The Making of our First Commercial

No tripods.  No stabilizers.  No slides, special lenses, lights, or top-quality equipment. Just a Canon 7D DSLR camera and an 18-55mm (stock) lens.  “I’m going to challenge you.  Make me a commercial.  But, I’m not going to give you any budget or help besides allowing you to use your fellow employees.  Let’s see what you can do.”

Those were the words spoken by Kareem Issa, the CEO of the company, to me last week.  My name is Dom, and I am the newly-hired Director of Online Marketing and Sales.  This test made me as giddy as a small child at their own birthday party.

I set out to make an intimate, happy commercial using San Diego as my backdrop and my fellow coworkers, Michelle and Steven, and I as the actors.  With only 3 days given to make the video, we had to move, fast.

 

The Music

Choosing a song for this video was exciting, yet I had to be sure that I was allowed to use the song.  The use of music in videos has changed since the introduction of online video sites, like YouTube and Vimeo.  Giving the average consumer the ability to produce and upload videos has increased the sheer amount of videos on the web.  This makes it tough for artists to track their music and see where it is being used.  Many artists will allow personal videos to keep using the track without obtaining the rights; however, sometimes when a video gets enough attention, the artist might force the creator to take down their video on infringement of ownership and copyright laws.

In order to avoid this confusion, I took a different route searched online libraries of royalty-free music.  Royalty-free music is a song or collection of songs that an artist signs away all the rights of the music up front and makes it completely free for the public.  This means I can do whatever I want to it (cut it, edit it, make it sound slightly different, etc.) and not into any copyright or ownership issues that would force me to take my video down.  I chose the song “Upbeat” by Jon Luc Hefferman, who has a wide range of royalty-free music ready for dramatic videos, and cut it up to get it to exactly 30 seconds.  Then I changed the EQ and remastered the song to have a heavier-hitting beat and bass.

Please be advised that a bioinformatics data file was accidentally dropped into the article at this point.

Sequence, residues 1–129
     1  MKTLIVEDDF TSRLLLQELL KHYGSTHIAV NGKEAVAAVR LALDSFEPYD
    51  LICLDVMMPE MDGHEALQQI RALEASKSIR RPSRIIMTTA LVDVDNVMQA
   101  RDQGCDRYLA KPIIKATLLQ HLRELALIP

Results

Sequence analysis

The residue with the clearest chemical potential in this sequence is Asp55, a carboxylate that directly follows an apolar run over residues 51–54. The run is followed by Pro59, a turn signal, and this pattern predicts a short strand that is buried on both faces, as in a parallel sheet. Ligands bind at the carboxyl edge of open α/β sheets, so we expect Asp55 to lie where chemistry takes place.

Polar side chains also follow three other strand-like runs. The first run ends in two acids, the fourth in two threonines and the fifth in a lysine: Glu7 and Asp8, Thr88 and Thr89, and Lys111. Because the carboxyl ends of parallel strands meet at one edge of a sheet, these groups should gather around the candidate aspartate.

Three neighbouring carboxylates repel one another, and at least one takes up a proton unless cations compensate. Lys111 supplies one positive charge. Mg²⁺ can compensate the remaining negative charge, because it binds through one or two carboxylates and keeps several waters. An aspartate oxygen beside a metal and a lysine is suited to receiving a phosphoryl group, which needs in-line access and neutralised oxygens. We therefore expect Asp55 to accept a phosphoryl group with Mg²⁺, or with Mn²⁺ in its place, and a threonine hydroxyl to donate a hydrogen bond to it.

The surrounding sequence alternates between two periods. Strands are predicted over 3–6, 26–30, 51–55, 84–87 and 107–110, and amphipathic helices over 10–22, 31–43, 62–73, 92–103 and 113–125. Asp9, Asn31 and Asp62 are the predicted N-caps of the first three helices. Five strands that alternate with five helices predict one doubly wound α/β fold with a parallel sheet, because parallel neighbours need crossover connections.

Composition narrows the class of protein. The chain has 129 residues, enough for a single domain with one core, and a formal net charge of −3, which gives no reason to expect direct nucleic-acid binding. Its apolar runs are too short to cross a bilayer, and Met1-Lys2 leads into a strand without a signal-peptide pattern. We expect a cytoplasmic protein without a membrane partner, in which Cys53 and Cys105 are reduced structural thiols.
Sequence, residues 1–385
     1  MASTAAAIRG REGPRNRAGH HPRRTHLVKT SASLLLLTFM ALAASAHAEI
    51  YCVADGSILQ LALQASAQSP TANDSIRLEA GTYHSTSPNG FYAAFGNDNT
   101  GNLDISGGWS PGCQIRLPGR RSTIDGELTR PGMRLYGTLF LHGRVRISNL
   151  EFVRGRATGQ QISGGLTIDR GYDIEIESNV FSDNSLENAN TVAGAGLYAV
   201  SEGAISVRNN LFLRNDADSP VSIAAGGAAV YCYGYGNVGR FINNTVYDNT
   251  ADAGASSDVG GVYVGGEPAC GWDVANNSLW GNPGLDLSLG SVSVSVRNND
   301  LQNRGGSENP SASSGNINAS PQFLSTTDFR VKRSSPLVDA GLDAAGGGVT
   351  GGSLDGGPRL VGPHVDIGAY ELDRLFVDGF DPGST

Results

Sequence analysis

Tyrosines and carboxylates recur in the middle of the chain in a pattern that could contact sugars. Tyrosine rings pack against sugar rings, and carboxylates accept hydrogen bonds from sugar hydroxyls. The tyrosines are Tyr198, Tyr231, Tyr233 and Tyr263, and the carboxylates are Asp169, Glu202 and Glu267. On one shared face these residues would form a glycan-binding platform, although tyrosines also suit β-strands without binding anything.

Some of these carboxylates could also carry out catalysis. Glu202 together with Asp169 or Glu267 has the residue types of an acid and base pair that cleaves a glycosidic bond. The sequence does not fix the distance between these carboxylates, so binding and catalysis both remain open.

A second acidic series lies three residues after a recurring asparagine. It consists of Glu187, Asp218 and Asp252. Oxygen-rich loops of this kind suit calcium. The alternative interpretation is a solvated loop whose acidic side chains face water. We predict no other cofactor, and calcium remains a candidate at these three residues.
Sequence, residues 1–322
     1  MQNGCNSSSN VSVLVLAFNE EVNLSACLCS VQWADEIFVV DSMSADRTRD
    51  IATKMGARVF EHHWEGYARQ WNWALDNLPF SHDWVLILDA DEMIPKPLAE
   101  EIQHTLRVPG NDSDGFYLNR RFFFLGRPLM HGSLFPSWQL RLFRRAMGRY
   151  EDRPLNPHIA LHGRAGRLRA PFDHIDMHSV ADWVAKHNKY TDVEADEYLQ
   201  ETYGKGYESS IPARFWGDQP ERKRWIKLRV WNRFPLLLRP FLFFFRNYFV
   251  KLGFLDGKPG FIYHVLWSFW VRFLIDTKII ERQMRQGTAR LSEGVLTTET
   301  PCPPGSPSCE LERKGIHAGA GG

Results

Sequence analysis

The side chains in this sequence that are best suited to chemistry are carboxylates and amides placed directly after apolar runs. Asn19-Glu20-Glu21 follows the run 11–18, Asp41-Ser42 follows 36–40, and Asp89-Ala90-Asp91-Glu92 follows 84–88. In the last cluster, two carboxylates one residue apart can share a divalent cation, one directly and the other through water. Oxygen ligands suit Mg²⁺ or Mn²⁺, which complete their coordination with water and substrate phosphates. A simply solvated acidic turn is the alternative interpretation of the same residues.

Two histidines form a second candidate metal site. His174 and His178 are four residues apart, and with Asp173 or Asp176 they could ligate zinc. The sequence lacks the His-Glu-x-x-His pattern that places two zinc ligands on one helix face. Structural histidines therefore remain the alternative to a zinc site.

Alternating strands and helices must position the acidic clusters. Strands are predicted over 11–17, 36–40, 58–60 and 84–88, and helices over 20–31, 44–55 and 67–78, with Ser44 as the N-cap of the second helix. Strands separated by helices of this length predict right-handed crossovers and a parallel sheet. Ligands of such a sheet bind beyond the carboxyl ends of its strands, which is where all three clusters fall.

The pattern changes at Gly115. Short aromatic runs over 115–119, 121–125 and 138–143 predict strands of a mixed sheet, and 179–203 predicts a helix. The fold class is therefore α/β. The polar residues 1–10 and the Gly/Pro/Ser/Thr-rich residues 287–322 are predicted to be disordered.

The song “Upbeat” has such an elevating and what I like to call “rising” tone to it, in which the song builds from a low, quiet beginning up to a “pinnacle of energy” or climax.  In other words, someone gets more excited and filled with positive energy as the song progresses, and then that excitement is “satisfied” once the song drops into its final stage.  Listening to it immediately developed a picture in my mind of what the video was going to become.

 

The Video

When I make videos, I like to choose the song first before I start capturing the footage and coming up with the story.  It sets the framework, structure, and mood of the video right off the back, and I use the changes in the song to help build the story line.  “Upbeat” was perfect, in which it was a generalized beat that was unique enough to stand out, and its “rising tone” gave me the idea of the logo animation at the end.

From there, I studied commercials produced by Samsung, Apple, and other technological companies to get an idea of what has worked well in the past.  I saw that in the early days of the smartphone advertising, the commercials were solely focused on the product itself, explaining its features and abilities to the consumer.  But over time, companies started to shift their focus away from the product to the experience that was provided by the product.  I decided to continue the trend and make the commercial about the happiness and satisfaction the phone provides.

After traversing around San Diego and filming in a few of my favorite spots, I used Adobe Premiere Pro to edit the footage.  I prefer this program over Final Cut Pro, as it has more options and its compatibility with the other Adobe products is unbeatable.  Back when I was self-contracting, I would use Photoshop and Illustrator to create the graphics, Audition to edit and mix the music, upload these into Premiere Pro, then use Dreamweaver to code the video into a website. Now, I just use it because of its huge list of exporting options and it’s functionality with Photoshop/Illustrator.

 

The Result

After taking all of this footage and music and playing with it, the commercial was born.  With some minor edits and the addition of simple animation, the idea was formed into something concrete.

Now, we need your help with getting the video seen by the public!  Share this video on your favorite social media page if you enjoy it, every little bit helps 🙂

 

 

Share This PostShare on FacebookShare on Google+Tweet about this on TwitterShare on LinkedIn

Leave a Reply

Your email address will not be published. Required fields are marked *